It’s a mystery to me why I’ve not read anything by Claire Keegan before given my predilection for Irish writing, particularly as Cathy over at 746Books has spoken so highly of her work. Small Things Like These is the briefest of novellas, a mere 124 pages with a good deal of white space thrown in but, rather like Natasha Brown’s Assembly, it’s extraordinarily powerful. Set in 1985, it follows timber and coal merchant Bill Furlong who finds himself faced with a moral dilemma.
And then the nights came on and the frost took hold again, and blades of cold slid under doors and cut the knees off those few who still knelt to say the rosary
Bill has lived in New Ross all his life. His illegitimacy marks him out, still the subject of the odd covert sneer, but he’s done well for himself thanks to the generosity and kindness of his mother’s employer, Mrs Wilson, in whose house he grew up. Now in his forties, Bill is happily married to Eileen, the father of five daughters and running his own business. He’s a decent man, aware of the poverty in the town, quietly helping out where he can, knowing that he’s privileged. On the Sunday before Christmas he delivers a load to the local convent and makes a discovery he cannot find within himself to ignore despite the consequences. There’s long been gossip in the town about the young girls taken in for ‘training’ in the convent laundry, often pregnant when they arrive, but the people of New Ross know the power of the Church and look the other way. Life will be easier for Bill if he joins them but had it not been for Mrs Wilson he’s all too well aware of what would have happened to his own mother.
He took stock of her while she was counting out the notes; she put him in mind of a strong, spoiled pony who’d for too long been given her own way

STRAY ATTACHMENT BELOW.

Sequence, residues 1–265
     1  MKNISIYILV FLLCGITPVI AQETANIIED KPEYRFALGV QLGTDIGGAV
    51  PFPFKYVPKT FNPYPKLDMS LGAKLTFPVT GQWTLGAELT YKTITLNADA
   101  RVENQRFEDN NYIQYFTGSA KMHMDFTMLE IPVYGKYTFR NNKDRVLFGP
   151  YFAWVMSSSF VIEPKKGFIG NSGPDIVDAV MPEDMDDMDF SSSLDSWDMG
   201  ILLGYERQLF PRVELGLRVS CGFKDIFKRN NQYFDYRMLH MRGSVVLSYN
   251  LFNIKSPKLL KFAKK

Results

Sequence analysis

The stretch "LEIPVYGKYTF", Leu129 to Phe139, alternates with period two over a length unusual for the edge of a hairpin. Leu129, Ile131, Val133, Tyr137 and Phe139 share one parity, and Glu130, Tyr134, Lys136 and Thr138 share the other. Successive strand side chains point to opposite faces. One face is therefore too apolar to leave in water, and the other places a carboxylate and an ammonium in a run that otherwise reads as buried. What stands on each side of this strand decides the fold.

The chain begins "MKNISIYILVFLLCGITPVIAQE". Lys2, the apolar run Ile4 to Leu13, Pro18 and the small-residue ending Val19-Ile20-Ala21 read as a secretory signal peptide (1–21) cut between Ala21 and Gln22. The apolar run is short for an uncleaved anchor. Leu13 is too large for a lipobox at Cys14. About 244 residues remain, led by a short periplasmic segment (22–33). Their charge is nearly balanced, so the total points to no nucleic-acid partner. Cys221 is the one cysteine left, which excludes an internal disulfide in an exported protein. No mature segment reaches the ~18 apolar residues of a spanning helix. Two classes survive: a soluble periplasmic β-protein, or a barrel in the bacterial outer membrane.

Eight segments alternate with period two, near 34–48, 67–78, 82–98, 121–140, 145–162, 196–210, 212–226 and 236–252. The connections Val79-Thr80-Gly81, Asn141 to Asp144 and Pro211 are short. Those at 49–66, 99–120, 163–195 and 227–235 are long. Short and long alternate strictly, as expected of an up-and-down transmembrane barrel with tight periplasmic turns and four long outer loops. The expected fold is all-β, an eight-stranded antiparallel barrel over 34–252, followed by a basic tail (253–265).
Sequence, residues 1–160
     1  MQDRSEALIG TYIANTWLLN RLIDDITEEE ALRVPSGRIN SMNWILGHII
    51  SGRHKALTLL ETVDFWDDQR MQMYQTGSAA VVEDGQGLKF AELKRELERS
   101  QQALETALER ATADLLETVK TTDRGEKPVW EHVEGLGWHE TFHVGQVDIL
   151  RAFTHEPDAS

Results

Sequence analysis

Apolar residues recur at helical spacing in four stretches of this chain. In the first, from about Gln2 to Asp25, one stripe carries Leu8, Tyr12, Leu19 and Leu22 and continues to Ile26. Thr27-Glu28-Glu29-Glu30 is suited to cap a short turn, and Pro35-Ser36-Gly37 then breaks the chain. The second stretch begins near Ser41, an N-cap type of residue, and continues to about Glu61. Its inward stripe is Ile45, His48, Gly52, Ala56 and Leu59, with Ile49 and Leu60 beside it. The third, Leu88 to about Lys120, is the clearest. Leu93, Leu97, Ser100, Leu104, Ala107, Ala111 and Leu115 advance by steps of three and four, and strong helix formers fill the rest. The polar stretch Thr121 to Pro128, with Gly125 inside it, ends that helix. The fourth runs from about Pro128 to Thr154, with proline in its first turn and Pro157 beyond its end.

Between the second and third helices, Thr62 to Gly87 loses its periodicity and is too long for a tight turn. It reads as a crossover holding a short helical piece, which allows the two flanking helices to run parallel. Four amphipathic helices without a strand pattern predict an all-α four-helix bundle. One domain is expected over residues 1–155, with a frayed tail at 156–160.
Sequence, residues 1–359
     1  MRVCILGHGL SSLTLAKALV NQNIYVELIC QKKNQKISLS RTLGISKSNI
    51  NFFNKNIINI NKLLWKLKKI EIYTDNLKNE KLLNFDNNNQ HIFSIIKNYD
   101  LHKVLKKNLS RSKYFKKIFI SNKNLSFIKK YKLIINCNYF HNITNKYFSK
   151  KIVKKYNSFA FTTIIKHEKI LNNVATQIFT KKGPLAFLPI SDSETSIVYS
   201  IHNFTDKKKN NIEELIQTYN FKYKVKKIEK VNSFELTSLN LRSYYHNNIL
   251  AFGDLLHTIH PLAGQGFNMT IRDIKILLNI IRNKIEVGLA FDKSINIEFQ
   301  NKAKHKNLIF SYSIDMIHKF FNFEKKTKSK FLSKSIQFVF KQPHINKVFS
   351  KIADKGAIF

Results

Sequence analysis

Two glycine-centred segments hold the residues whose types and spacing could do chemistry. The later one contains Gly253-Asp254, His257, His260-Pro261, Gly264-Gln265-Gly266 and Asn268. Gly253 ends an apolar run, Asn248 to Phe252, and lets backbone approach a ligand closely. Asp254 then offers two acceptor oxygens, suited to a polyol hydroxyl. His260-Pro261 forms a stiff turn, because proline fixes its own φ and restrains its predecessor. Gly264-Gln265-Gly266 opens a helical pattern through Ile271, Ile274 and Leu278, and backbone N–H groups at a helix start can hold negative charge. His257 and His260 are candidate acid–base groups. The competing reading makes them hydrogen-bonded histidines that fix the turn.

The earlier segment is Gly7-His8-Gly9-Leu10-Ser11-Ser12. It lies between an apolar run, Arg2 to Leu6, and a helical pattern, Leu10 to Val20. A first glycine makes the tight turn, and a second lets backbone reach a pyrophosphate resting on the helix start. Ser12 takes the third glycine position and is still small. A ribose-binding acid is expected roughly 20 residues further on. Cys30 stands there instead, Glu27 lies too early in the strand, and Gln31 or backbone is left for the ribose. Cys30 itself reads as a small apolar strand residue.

Keegan tells her story from Bill’s perspective, a complex man still troubled by the lack of a father until a chance remark brings about a quiet epiphany, well aware that life would have been very different had it not been for his mother’s enlightened employer. Keegan quietly uncovers the cruelty practised in the convent and the complicity of a townspeople who understand the ruination that can be visited upon them if they voice concern. She includes a note elucidating the grim history of the Magdalen laundries, the last of which closed in 1996, juxtaposing it with an excerpt from the 1916 proclamation of the Irish Republic, allowing her readers to draw their own conclusions as she does throughout her novella. In its lyrical yet spare descriptions and in its empathetic compassion, her writing reminded me of both Colm Tóibín’s and John McGahern’s. It’s a story that’s been told before but that makes Keegan’s work no less remarkable in its acuity and power. An extraordinary book. Time to explore her backlist.
Faber & Faber: London 9780571368686 124 pages Hardback (read via NetGalley)